Today, in the twenty-first century, we have people claiming PTSD for all sorts of events, such as wisdom tooth extraction, obnoxious jokes in the workplace, cheating spouses, relationship breakdowns and women who had uncomplicated births. PTSD is academically a diagnosis reserved for those who meet very specific traumatic criterion and severity. None of the above meet this criterion, yet professionals diagnose based on meeting a categorical symptom profile, loosely surrounding what the individual claims as traumatic to themselves.
This erosion of diagnostic stringency is called criterion creep. In other words, humans slowly broaden the definition of trauma, often self-justifying what they feel is traumatic enough.
Is a tooth extraction, obnoxious joke, uncomplicated birth, cheating partner or relationship breakdown equivalent to rape, torture, violent death, childhood abuse or war? That very question has certainly been met with diverse responses by those here who do meet the traumatic criterion for PTSD diagnosis.
Are the academics of PTSD accurate? Can only those who experience catastrophic events have PTSD? Maybe the most interesting question of this entire discussion is: can the PTSD diagnosis sustain its criterion A traumatic requirement?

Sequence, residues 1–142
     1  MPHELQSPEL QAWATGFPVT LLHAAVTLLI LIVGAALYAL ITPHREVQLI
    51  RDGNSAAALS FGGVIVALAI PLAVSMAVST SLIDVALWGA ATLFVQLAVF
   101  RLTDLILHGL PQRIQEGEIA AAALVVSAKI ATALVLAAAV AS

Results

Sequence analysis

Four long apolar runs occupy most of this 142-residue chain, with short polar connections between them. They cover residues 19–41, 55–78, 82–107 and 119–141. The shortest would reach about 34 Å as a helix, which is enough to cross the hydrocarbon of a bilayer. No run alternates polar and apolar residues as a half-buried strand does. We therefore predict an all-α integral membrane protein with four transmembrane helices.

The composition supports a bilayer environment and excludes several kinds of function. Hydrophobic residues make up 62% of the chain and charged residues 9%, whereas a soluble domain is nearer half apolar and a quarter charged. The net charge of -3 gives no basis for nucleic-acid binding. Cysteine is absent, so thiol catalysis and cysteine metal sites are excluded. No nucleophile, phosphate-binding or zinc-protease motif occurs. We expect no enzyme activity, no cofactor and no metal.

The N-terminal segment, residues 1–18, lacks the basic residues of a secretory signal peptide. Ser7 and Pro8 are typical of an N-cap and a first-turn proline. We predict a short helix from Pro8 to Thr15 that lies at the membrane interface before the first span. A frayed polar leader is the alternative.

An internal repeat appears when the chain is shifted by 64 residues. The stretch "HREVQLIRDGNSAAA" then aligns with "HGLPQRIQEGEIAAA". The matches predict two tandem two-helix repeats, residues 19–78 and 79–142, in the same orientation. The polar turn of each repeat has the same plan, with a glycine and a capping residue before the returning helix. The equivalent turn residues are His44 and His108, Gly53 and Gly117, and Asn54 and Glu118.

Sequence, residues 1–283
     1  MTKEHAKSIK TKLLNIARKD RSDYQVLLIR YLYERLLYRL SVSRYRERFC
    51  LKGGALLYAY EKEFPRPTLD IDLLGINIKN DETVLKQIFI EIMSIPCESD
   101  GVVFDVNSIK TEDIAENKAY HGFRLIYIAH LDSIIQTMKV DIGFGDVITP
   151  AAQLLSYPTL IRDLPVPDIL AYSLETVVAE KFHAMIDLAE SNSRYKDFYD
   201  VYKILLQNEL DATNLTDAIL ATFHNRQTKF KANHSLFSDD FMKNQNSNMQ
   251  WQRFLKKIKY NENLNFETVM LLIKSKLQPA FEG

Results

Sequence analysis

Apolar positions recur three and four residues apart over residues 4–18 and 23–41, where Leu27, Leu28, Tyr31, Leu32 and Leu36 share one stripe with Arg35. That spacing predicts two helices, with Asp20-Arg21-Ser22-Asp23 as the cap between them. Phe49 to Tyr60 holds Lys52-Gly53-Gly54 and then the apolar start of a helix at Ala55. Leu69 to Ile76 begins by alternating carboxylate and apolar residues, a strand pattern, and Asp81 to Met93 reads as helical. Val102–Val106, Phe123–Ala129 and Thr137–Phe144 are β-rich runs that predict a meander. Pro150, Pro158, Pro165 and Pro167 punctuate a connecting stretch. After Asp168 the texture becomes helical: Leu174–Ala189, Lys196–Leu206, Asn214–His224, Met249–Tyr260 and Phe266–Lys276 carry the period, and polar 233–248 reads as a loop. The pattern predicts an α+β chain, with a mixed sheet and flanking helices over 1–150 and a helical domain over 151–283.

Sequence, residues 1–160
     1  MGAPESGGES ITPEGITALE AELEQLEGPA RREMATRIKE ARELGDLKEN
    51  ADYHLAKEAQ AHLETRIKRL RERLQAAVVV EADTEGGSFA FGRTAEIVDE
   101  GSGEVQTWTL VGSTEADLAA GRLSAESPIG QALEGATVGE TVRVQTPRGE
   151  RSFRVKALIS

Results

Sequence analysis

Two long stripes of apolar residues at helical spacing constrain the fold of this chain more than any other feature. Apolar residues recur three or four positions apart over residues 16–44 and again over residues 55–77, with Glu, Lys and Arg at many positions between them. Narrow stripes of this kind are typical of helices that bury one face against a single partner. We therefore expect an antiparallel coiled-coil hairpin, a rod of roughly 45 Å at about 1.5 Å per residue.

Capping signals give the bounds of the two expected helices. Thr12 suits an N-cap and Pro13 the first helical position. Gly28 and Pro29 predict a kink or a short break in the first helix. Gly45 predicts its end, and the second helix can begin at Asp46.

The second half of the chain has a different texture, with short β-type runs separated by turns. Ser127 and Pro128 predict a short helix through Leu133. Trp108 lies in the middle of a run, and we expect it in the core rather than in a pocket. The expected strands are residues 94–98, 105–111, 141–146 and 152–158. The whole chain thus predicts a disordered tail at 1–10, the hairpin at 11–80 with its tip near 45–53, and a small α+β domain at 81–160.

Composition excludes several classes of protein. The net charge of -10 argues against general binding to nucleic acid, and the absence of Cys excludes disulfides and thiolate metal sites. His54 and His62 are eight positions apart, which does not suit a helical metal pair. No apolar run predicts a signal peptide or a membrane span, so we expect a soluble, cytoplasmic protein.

The way things are progressing, PTSD’s future is going to get uglier. PTSD is the hip, cool, “in” diagnosis at present. It rolls off of the tongue — post traumatic — meaning anything prior that caused distress must befit this diagnosis! Right? That is very much the way many tend to view the diagnosis.
It’s complicated; that much I know. I believe that reader comments for this article may broaden the opinion base relating to questions posed, but let’s try to further understand what is happening with trauma diagnosis today and where this diagnosis, which is often so central to our lives, might be headed given the current diagnostic climate.
Written by Anthony, who founded MyPTSD in 2005. He is a veteran, writer, and web designer. He lives with his wife and two heinously cute puppies in Melbourne.
Edited by Simon, who earned her writing degree in 2011. She hopes to one day garner a doctorate in composition. You can find her on MyPTSD, where she talks (too much) about her dogs, life, the multiverse, and Everything.